Having students sit and read is easy, and it’s great for so many reasons. It develops their reading skills, which in turn improves vocabulary, general knowledge, understanding of texts, concentration, emotional intelligence (the list goes on).
But, how can you be sure they’re actually doing it? Not looking out of the window or day dreaming? How can you push each of the students not just to read but to think about and question their reading?
PAWS for reading!
This is something I’ve been trialling with groups of KS3 students after in-class reading, or with my form group. It’s a way of not just developing their reading – but their thought about reading.
It’s based on a stepped process I commonly follow to develop reading skills in lessons and with small groups (the post for which is here). This is simplified to make it a quick pre-reading and post-reading activity.
How it works:
Prediction – fill this in before you start reading. If it’s a book they’re reading they should be able to have a good guess about what’s coming up in the next chapter. If it’s a text you’ve chosen show the title, the first line, or a picture linked to it.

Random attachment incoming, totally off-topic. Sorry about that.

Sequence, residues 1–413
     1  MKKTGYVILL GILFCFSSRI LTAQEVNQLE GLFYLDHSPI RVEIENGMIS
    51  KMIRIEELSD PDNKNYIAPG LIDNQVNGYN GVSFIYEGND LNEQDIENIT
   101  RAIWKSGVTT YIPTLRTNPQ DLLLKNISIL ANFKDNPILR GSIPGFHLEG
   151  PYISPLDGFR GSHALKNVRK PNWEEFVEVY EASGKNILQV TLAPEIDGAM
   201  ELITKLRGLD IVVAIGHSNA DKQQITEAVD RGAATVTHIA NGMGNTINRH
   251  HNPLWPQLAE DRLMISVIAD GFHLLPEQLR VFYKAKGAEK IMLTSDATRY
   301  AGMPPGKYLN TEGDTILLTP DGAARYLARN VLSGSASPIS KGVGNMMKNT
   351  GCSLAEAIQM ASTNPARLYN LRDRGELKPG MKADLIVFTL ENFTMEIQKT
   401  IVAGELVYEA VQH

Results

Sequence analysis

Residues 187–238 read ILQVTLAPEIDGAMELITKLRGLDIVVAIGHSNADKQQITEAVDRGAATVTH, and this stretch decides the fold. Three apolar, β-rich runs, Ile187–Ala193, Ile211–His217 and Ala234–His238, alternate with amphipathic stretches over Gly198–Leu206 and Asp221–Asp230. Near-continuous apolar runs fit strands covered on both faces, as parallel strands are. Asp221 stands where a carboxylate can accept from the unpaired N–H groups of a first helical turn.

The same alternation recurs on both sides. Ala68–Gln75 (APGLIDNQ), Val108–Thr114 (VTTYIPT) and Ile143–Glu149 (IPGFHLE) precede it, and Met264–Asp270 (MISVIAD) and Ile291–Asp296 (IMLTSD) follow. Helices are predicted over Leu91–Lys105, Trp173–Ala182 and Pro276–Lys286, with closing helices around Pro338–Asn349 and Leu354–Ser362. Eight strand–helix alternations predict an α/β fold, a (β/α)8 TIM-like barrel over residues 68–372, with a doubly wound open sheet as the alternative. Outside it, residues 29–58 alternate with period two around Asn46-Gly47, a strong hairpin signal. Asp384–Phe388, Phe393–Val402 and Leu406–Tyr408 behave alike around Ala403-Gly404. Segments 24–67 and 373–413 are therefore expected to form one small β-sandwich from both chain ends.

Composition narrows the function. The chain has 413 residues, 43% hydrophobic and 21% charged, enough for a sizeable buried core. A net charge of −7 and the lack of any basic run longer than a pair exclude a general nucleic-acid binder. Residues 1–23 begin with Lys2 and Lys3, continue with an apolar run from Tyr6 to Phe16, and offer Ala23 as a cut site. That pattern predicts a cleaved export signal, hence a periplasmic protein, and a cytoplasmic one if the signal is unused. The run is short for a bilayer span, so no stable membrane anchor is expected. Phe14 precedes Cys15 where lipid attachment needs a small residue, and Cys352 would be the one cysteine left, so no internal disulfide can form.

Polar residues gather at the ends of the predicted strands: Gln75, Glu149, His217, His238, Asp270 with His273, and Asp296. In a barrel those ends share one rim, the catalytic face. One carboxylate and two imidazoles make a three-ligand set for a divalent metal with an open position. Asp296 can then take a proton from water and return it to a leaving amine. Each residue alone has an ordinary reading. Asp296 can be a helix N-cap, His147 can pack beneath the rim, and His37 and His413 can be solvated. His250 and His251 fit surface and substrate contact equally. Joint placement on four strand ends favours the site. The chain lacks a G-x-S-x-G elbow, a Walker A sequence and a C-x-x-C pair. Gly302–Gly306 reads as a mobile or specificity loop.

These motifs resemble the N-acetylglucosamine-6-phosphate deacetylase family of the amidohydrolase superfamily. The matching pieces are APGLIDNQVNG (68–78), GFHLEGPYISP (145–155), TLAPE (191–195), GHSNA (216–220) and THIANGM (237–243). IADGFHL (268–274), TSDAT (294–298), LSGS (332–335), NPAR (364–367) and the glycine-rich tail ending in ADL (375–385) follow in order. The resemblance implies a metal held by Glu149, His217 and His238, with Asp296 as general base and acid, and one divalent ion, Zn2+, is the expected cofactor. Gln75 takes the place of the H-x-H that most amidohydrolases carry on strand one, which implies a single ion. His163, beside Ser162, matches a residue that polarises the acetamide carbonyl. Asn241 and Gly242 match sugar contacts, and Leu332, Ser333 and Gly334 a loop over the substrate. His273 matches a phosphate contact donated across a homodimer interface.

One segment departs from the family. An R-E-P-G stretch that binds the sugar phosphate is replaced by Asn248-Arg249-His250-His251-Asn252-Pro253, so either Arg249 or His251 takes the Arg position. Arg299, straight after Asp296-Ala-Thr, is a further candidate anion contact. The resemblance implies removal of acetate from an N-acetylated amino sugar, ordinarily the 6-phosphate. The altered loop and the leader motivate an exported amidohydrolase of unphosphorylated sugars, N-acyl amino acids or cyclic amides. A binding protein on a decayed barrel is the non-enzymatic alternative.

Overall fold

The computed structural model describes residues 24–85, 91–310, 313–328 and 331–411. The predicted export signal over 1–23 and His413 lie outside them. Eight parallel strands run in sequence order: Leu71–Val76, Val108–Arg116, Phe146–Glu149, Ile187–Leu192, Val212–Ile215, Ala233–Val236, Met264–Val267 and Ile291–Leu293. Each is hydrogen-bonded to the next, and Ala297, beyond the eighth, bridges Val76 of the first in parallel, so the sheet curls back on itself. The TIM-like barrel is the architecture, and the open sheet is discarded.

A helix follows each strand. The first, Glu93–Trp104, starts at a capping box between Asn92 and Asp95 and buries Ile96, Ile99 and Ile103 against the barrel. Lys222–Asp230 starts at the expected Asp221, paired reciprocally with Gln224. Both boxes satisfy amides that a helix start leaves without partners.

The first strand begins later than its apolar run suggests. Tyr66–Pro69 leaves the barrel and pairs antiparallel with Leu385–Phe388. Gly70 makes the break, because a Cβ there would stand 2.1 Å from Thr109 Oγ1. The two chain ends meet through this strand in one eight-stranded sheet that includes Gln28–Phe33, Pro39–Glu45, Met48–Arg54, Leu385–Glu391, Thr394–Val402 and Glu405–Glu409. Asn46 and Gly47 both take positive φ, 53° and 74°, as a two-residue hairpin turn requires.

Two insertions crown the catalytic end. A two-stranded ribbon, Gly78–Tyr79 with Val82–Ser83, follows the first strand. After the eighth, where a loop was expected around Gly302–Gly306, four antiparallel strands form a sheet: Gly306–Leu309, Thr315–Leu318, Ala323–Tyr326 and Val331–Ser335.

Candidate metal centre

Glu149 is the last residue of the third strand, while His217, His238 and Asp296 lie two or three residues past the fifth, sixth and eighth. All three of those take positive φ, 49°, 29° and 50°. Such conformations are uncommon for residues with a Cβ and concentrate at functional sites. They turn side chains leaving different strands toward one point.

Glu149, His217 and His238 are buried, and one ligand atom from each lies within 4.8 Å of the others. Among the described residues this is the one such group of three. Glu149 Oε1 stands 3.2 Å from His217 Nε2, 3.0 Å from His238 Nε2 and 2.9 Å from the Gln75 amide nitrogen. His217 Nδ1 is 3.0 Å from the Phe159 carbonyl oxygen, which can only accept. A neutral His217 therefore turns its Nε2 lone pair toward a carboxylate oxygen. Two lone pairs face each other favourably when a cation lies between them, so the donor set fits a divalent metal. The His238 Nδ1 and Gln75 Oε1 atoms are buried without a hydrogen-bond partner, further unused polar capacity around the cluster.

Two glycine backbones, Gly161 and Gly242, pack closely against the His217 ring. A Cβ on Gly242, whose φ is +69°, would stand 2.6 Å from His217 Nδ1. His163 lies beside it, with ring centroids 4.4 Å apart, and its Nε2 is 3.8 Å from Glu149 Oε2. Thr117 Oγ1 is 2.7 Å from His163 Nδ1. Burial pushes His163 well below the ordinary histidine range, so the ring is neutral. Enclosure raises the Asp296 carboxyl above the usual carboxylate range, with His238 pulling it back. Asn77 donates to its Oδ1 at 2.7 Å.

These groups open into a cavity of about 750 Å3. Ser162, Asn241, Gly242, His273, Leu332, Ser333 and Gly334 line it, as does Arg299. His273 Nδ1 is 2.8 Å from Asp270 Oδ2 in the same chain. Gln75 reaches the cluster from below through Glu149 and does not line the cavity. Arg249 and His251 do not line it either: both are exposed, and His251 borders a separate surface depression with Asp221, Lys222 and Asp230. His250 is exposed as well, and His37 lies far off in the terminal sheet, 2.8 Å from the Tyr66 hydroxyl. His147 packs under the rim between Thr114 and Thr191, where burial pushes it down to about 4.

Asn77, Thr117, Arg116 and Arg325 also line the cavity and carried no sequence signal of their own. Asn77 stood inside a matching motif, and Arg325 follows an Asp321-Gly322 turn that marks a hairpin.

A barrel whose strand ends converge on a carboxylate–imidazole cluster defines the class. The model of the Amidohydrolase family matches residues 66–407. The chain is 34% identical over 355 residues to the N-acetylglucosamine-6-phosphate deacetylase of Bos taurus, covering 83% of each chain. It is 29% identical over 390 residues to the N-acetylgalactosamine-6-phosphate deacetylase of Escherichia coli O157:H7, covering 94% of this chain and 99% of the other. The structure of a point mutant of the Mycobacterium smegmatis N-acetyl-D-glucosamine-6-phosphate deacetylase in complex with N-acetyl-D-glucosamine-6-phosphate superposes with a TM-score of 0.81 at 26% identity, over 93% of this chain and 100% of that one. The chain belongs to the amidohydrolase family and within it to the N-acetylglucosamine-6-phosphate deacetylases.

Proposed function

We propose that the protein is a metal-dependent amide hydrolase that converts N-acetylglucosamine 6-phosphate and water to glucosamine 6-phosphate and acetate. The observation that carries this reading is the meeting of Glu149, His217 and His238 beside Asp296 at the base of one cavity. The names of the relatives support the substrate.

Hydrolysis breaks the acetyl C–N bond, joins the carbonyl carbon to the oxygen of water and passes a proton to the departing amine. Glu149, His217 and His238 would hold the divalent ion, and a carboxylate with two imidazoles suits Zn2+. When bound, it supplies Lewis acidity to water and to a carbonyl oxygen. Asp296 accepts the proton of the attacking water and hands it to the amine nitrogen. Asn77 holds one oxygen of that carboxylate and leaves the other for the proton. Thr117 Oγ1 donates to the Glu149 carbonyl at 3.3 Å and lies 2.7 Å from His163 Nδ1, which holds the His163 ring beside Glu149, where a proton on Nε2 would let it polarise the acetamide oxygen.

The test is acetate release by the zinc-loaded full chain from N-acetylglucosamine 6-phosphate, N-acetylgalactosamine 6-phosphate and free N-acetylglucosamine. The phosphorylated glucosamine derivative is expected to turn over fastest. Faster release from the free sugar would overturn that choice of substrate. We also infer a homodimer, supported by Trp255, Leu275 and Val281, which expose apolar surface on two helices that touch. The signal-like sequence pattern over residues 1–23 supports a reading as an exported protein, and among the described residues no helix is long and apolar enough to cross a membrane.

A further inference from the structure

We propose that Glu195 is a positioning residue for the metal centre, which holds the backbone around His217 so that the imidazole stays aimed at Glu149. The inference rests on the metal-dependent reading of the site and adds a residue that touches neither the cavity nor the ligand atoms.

Again – read the text, then read through it again (if it’s a whole chapter ask students to note things down as they’re reading). Then discuss – is there anything you’re not sure about? Is there anything you need clarifying (words or phrases you don’t understand)?
Wonder – what do you wonder about the text? Are there any questions you have about what is going to happen? Why did this happen? (it’s okay if there’s some overlap with the “again” section).
Summary – This is difficult, if students can do it effectively then they’re doing well. Can you summarise the text you’ve just read? Have you missed any parts?
How could you use this with your students? Do you have any similar ideas you use?